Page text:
The Technical Communication and Rhetoric doctoral program also requires two writing samples, a curriculum vitae, and a letter of intent. You will submit these materials as "Supplemental Items" with your online Graduate School application. These items are essential for assessing your potential fit with the PhD program, so we have described each of these items in detail below. If you have any questions, feel free to contact the English Department Director of Graduate Studies, Jared Colton (, or the Chair of the PhD committee, Rebecca Walton (

Writing Samples

Two writing samples (a total of 20-40 pages), exhibiting your best writing. These samples may include academic or non-academic writing, but at least one of the samples should demonstrate your critical thinking and research skills. For each writing sample, write a one-page preface, contextualizing the sample. In this preface, please describe your purpose for writing the document, the readers for whom you wrote it and how they affected your decisions while composing and revising the piece, and what you believe the sample demonstrates about your abilities to address a communication challenge.

Curriculum Vitae

Submit the most current version of your curriculum vitae (CV). For guidance on creating a CV, please visit Purdue's OWL on "Writing the Curriculum Vitae." You can also review our faculty's CVs as examples of this genre: e.g., Colton, Grant-Davie, McLaughlin, and Walton

Letter of Intent

Prepare a letter of intent of around 1,000 words, addressed to the PhD selection committee. This letter should explain your career goals and research agenda by addressing the following prompts. We encourage you to illustrate your answers with relevant anecdotes and specific examples from your academic or non-academic experience.

  • Why are you applying for a PhD? Why have you chosen our Technical Communication and Rhetoric program?
  • What aspects of our program particularly interest you and why? Which faculty do you see yourself working with most closely and why?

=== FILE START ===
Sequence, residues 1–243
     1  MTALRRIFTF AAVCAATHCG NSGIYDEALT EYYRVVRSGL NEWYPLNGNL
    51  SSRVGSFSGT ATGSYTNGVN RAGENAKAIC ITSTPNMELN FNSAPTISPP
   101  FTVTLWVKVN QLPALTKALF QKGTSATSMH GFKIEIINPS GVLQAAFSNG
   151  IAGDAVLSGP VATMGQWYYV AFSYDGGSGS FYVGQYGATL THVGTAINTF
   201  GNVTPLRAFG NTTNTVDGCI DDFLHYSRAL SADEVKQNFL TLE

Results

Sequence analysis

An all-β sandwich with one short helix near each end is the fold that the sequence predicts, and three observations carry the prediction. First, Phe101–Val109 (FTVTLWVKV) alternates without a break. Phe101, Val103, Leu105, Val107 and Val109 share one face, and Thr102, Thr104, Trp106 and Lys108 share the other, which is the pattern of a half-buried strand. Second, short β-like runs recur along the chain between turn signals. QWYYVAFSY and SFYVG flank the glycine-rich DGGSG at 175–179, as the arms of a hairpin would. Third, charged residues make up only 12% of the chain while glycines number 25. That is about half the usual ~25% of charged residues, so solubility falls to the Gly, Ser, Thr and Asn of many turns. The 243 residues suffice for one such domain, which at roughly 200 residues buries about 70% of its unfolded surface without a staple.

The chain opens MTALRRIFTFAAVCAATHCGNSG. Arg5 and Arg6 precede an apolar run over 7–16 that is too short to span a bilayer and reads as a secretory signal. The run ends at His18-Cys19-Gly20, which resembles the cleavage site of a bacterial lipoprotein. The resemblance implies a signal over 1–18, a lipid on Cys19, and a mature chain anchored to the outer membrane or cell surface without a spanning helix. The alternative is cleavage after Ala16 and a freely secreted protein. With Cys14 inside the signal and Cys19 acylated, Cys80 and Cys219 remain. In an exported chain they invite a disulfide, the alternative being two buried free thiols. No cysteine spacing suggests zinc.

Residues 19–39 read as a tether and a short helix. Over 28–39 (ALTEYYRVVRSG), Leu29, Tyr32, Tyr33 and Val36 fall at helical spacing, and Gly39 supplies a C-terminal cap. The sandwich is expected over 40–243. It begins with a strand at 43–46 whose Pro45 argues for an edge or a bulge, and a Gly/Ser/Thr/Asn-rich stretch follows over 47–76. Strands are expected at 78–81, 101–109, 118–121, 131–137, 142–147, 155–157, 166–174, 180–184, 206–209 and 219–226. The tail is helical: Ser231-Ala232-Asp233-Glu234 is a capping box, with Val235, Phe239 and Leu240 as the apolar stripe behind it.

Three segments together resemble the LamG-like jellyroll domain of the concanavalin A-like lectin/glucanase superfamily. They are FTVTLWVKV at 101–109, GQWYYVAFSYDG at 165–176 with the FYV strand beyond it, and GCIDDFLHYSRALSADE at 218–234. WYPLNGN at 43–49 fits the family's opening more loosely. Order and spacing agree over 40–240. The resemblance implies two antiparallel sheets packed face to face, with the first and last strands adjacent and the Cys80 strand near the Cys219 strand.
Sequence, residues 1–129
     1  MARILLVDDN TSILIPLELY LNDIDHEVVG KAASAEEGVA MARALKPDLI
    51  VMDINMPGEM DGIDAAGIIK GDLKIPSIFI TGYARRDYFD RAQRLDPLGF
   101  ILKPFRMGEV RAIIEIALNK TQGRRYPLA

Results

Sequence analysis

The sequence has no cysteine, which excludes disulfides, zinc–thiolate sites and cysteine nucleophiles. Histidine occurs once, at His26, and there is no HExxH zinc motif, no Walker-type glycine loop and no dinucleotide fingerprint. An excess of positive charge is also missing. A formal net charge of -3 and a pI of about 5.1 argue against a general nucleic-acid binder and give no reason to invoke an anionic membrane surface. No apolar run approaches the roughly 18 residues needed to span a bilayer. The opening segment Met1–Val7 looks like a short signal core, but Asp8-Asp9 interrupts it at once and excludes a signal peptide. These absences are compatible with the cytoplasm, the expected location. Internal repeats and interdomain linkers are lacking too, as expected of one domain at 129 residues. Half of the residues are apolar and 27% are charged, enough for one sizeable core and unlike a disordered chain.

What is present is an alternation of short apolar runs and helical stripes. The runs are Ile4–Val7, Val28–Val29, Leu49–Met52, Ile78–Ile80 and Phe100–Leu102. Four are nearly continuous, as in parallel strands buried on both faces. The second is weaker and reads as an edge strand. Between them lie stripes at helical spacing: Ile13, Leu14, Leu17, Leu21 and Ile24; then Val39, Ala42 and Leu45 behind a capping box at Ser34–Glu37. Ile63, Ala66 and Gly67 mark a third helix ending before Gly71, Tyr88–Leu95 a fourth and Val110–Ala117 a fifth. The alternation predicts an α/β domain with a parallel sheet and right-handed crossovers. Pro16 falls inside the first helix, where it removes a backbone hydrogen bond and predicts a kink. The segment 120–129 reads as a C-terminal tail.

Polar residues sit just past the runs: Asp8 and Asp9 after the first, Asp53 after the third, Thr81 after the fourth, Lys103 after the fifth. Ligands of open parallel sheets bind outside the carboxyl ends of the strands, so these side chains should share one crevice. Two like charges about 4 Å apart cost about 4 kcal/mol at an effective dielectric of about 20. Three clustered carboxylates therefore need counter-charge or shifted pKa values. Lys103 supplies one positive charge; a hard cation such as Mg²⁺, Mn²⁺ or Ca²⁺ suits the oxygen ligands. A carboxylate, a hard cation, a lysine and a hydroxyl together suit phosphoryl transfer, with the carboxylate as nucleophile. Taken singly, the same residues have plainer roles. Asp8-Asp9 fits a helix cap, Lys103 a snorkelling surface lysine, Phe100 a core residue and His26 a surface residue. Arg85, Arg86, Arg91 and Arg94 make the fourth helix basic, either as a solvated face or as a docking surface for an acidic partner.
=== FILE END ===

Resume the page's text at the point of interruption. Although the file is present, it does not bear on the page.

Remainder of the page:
• Describe one or two particular research projects on which you worked for your Master’s degree.
  • Why did this work interest you, and what research questions motivated these projects?
  • If you were to continue working on the projects, what further research questions might you pursue, especially in a Technical Communication and Rhetoric program?
  • What professional and/or academic experiences have led you to believe you are ready for the kind of work that our PhD program will involve?
  • What research questions in Technical Communication and Rhetoric do you want to pursue in the PhD program?
  • What career goals will this PhD in Technical Communication and Rhetoric help you to meet?
  • Do you wish to apply for a Graduate Instructorship (please see below)?

Graduate Instructor Application

This face-to-face doctoral program prepares students for careers in academia, so applicants are strongly encouraged to apply for a Graduate Instructorship (GI-ship). A GI-ship pays an annual salary of $20,000.00 in addition to a tuition waiver and benefits, in exchange for teaching a 2/2 load (two courses each semester) and performing other responsibilities. USU provides excellent teacher training to PhD students, and our PhD students usually get the opportunity to teach a variety of courses during their program, which builds their Curriculum Vitae and positions them well for jobs in academia.

To apply for a GI-ship, write a paragraph of interest in a GI-ship in your Letter of Intent. This paragraph should describe any previous teaching experiences you have had that would make you a good candidate for a GI-ship. Also, indicate any teaching experience in your CV.